While petitioners hold title to the subject property where the house was located, the sole issue in forcible entry cases is who had prior possession de facto of the disputed property.21 In Dy, the Court held that these are summary proceedings intended to provide an expeditious means of protecting actual possession or right of possession of property. Title is not involved; that is why it is a special civil action with a special procedure.22 Ï‚Î·Î±Ã±rÎ¿blÎµÅ¡ Î½Î¹râ€ Ï…Î±l lÎ±Ï‰ lÎ¹brÎ±rÃ¿
The Court of Appeals correctly held that respondents did not abandon their house. Abandonment requires (a) a clear and absolute intention to renounce a right or claim or to desert a right or property; and (b) an external act by which that intention is expressed or carried into effect. The intention to abandon implies a departure, with the avowed intent of never returning, resuming or claiming the right and the interest that have been abandoned.23 There is none in this case.
The disconnection of water and electric supply and the fact that respondents left the house when respondent Samuel was assigned to Surigao del Norte in 1999, do not constitute abandonment. As correctly found by the Court of Appeals, respondents left valuables inside the house and had the same padlocked, which acts constitute assertion and protection of their right over the subject house and negate renunciation and intention to lose the same.24
It bears stressing that the instant case was preceded by the filing of actions for recovery of possession and malicious mischief before the Office of the Punong Barangay. Likewise, upon discovery of petitioners' acts of intrusion, respondents immediately filed a complaint for forcible entry and damages before the Municipal Trial Court in Cities. The Certification to File Action dated August 26, 2002 shows that no settlement or conciliation was reached.25 It is clear from the foregoing that respondents have not been remiss in asserting their rights and that petitioners' claims over the subject property have not gone unchallenged.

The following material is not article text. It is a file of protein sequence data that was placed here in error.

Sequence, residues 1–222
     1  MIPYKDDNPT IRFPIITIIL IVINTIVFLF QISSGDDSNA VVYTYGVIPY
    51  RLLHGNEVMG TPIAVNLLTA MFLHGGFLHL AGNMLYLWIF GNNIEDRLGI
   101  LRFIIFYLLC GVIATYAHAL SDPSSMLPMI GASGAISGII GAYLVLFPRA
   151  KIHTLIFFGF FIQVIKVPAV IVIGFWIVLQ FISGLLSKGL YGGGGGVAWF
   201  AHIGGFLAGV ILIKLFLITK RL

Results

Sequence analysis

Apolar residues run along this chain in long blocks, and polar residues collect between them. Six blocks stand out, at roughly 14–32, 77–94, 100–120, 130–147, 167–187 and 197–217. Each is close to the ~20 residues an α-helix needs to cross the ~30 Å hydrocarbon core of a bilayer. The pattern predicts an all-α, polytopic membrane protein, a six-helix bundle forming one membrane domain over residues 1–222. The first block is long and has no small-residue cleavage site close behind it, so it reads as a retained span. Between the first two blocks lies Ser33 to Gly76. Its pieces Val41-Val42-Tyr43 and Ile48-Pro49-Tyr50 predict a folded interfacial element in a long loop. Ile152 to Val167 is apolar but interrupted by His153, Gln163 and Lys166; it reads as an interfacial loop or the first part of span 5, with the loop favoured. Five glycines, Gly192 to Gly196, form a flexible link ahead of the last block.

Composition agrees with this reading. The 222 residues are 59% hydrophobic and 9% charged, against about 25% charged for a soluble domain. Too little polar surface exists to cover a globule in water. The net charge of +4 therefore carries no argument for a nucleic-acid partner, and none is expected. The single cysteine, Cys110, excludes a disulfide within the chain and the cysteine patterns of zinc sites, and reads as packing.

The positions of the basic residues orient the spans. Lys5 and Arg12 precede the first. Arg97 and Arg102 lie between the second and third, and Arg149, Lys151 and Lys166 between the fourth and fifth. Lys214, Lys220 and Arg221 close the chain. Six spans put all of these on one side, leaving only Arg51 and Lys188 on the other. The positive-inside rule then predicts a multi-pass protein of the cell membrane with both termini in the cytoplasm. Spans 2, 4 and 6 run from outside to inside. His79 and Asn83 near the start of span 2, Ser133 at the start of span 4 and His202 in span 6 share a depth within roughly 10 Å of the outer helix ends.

The Court affirms the award of Php85,200.00 representing the value of improvements and attorney's fees. The issue on the propriety of the award was raised for the first time on motion for reconsideration before the Court of Appeals. Well-settled is the rule that issues not raised below cannot be raised for the first time on appeal.26
WHEREFORE, based on the foregoing, the petition is DENIED. The March 24, 2008 Decision of the Court of Appeals in CA-G.R. SP No. 00113-MIN finding petitioners liable for forcible entry is AFFIRMED.
1 Rollo, pp. 29-41.
2 Id. at 42-51. Penned by Associate Justice Mario V. Lopez and concurred in by Associate Justices Romulo V. Borja and Elihu A. YbaÃ±ez.
3 Id. at 61-65.
4 Id. at 115.
5 Id. at 89.
6 Id. at 90-91.
7 Id. at 71-76.
8 Id. at 77-80.
9 Id. at 78.
10 Id. at 116-117.
11 Id. at 117.
12 Id. at 116-118. Penned by Judge Victor A. Canoy.
13 Id. at 118.
14 Id. at 119-127. Penned by Judge Jose Manuel P. Tan.
15 Id. at 127.
16 CA rollo, pp. 3-15.
17 Rollo, p. 19.
18 Id. at 20.
19 G.R. No. 171842, July 22, 2009.
20 Rollo, p. 75.
21 Perez v. Falcatan, G.R. No. 139536, September 26, 2005, 471 SCRA 21, 31.
22 Supra note 19.
23 Dela Cruz v. Quiazon, G.R. No. 171961, November 28, 2008.
24 Rollo, pp. 16-17.
25 Id. at p. 76.
26 Hermogenes v. Osco, G.R. No. 141505, August 18, 2005, 467 SCRA 301, 310.